Ebola Patents: Yes They Exist, But Why?

ebola patent cut2thetruth DOT com

After numerous requests to find the answer to the question: Does the US Government really own patents on Ebola¹?  It will be shown right now that yes, the Ebola virus was patented in October of 2009 and was published the following year. Its inventors were credited as Jonathan S. Towner, Stuart T. Nichol, James A. Comer, Thomas G. Ksiazek, and Pierre E. Rollin.

But before we get into those names and information surrounding this unbelievable patent, let’s focus on the most interesting names to appear on it, which are listed beside the “Applicant” section in this picture:

Screenshot (348)

As clear as day and taking responsibility is “The Government Of United States Of America” along with the CDC and the “Department of Health & Human Services.”

Does this mean the US Government actually invented Ebola?

No, not according to this patent at least it doesn’t. As it states, Ebola has existed for many decades and it’s unclear what it originated from, though it is known where:

“The family Filoviridae consists of two genera, Marburgvirus and Ebolavirus, which have likely evolved from a common ancestor’. The genus Ebolavirus includes four species: Zaire, Sudan, Reston and Cote d’Ivoire (Ivory Coast) ebolaviruses.”

As you may have noted, each strain of this disease is named for the African country it was first discovered in.

The patent goes on to state the belief is that Ebola Zaire — the strain of our current epidemic — was evolved in and carried originally by fruit bats:

“Identification of the natural reservoir of ebolaviruses remains somewhat elusive, although recent PCR and antibody data suggest that three species of arboreal fruit bats may be carriers of Zaire ebolavirus3.”

According to the summary, back in 2007, in Uganda, a deadly new form of Ebola swept across the land infecting 149 people, 37 of which died. It was from patients infected during this outbreak that a new species — labeled EboBun — was isolated and identified.

It’s important to note that while this patent is for EboBun, it also states the US Government is claiming “ownership” over any virus which shares as much as 70% of the attributes as Ebobun, which would include virtually all strains of Ebola.

It’s also very important to note that the US government is filing for a complete monopoly on anything to do with Ebola through this patent — which was granted — such as any vaccines, research, genetic isolations or manipulations, tests, and the companies and individuals hired to work on those things or anything related to them.

To clearly illustrate what this means, here’s the definition of what a patent is and does:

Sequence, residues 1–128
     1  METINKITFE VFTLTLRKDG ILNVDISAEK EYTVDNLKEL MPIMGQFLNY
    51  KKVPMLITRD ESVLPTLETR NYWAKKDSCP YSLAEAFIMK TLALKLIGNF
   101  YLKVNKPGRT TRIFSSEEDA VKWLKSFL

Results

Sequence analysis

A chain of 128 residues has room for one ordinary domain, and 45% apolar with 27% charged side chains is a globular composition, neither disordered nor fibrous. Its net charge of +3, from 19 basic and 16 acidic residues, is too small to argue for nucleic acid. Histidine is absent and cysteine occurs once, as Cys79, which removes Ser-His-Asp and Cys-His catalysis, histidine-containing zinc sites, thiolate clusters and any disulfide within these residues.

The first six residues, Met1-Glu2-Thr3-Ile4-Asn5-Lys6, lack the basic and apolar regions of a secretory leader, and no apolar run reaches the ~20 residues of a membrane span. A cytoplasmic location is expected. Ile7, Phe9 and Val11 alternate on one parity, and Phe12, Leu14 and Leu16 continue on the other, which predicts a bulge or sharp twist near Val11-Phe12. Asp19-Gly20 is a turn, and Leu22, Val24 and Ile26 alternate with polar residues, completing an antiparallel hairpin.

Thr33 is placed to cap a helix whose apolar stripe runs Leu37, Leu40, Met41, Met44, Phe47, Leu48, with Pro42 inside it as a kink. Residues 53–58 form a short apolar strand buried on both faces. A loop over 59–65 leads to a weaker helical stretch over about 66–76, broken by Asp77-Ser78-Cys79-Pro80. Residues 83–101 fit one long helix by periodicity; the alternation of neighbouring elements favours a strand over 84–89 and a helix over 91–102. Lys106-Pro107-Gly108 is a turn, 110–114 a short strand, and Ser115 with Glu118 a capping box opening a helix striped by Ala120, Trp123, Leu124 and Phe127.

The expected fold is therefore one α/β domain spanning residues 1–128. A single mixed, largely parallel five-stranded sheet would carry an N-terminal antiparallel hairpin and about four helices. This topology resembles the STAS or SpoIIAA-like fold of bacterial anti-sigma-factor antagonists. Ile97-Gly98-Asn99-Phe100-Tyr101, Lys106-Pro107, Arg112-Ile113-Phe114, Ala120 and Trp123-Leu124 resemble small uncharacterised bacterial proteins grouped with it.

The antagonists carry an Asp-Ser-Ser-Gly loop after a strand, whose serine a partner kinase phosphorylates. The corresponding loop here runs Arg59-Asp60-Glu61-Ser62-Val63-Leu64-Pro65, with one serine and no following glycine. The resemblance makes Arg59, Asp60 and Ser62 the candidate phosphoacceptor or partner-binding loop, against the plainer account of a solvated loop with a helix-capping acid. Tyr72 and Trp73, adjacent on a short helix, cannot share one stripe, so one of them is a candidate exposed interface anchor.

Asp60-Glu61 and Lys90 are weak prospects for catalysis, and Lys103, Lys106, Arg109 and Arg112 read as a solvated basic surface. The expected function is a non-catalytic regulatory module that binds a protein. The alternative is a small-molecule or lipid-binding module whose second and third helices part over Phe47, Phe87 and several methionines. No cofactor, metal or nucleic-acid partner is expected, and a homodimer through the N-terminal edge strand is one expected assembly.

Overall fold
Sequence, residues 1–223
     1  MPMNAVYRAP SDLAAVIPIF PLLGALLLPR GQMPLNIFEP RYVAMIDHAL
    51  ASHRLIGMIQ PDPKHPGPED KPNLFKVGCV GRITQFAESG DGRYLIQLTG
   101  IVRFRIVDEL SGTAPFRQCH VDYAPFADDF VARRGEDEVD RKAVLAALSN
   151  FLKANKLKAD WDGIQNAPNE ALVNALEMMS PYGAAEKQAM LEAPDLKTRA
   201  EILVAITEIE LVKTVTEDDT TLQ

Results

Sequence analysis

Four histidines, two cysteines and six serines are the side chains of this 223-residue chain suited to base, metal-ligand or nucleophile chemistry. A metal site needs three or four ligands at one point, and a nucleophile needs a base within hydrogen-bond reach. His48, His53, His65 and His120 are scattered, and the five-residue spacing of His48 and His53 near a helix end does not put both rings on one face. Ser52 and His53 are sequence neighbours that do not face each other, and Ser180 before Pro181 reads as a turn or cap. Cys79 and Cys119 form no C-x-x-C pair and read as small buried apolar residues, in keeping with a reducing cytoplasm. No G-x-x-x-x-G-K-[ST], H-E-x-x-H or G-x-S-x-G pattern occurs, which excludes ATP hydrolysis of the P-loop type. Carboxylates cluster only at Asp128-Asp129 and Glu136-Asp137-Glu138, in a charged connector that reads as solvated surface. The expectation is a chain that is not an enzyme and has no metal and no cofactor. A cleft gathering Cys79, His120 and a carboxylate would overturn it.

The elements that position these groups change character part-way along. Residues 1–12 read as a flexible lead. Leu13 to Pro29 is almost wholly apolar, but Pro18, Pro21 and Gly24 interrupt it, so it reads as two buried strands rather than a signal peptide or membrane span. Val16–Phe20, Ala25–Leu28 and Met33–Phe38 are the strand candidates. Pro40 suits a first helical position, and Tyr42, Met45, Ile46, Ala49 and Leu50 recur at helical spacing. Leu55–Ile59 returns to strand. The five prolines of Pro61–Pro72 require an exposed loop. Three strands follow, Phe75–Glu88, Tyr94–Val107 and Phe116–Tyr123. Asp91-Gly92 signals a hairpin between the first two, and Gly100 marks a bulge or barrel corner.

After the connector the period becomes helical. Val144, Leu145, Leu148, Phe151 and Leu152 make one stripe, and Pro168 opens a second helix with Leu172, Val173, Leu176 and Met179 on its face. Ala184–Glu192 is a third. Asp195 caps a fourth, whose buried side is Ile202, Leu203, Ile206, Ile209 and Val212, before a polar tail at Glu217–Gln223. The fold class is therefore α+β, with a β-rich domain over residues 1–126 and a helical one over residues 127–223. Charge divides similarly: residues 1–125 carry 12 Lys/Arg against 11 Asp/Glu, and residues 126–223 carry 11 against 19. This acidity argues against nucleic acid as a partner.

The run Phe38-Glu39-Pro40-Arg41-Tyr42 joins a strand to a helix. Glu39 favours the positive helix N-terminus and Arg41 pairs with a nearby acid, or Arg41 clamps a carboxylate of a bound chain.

“A government authority or license conferring a right or title for a set period, especially the sole right to exclude others from making, using, or selling an invention.”

Who are the people listed as “inventors”?

These are the names of doctors assigned to work on genetically understanding and fighting Ebola. To me it’s more than curious they are referred to as “inventors”, but nonetheless the patent is clear when it states Ebola naturally evolved. It didn’t originate in some lab, as far as the patent tells us. Tellingly, they all work for the same company.

Jonathan S. Towner is a Virologist from the Center for Disease Control and Prevention (CDC) who has specialized in Filoviridae — the family of Ebola — for years now, publishing a number of papers on how the disease spreads and its hypothesised origins.

Stuart T. Nichol is Chief of the Molecular Biology Section, Special Pathogens Branch, at the Center for Disease Control (CDC) in Atlanta, Georgia. He was instrumental in the research done in the Crimean-Congo Hemorrhagic Fever, Sudan, 2008, case.

Dr. James “Andy” Comer is a Microbiologist from the CDC’s Special Pathogens Branch. He has travelled abroad and worked in West Africa on Ebola and Ebola related outbreaks since at least 2007.

Dr. Thomas G. Ksiazek is — or at least was in 2007 — the Chief of the CDC’s Special Pathogens Branch, and has been working on “the mechanisms of transmission from reservoir zoonotic hosts to humans as well as transmission of the viral hemorrhagic fever viruses from case to case, particularly in healthcare settings.” He personally dealt with the outbreak in Uganda in 2007 and has a 20-year history of tracking the reservoir hosts of filoviruses.

Dr. Pierre Rolland — MD from the Center for Disease Control — has specialized in Virology, Disease, and Plant & Animal service since before he began writing papers on those subjects in Paris in 1963. He was directly involved in the discovery and characterization of a slew of emerging diseases — Ebola hemorrhagic fever, Lassa fever, Marburg hemorrhagic fever, Sabia virus infection, hantavirus pulmonary syndrome, Rift Valley fever, Crimean-Congo hemorrhagic fever, Nipah encephalitis, and most recently severe acute respiratory syndrome. According to the CDC’s website, “His research interests concern emerging zoonotic and arthropod borne infectious diseases with emphasis on public health response and preparedness.”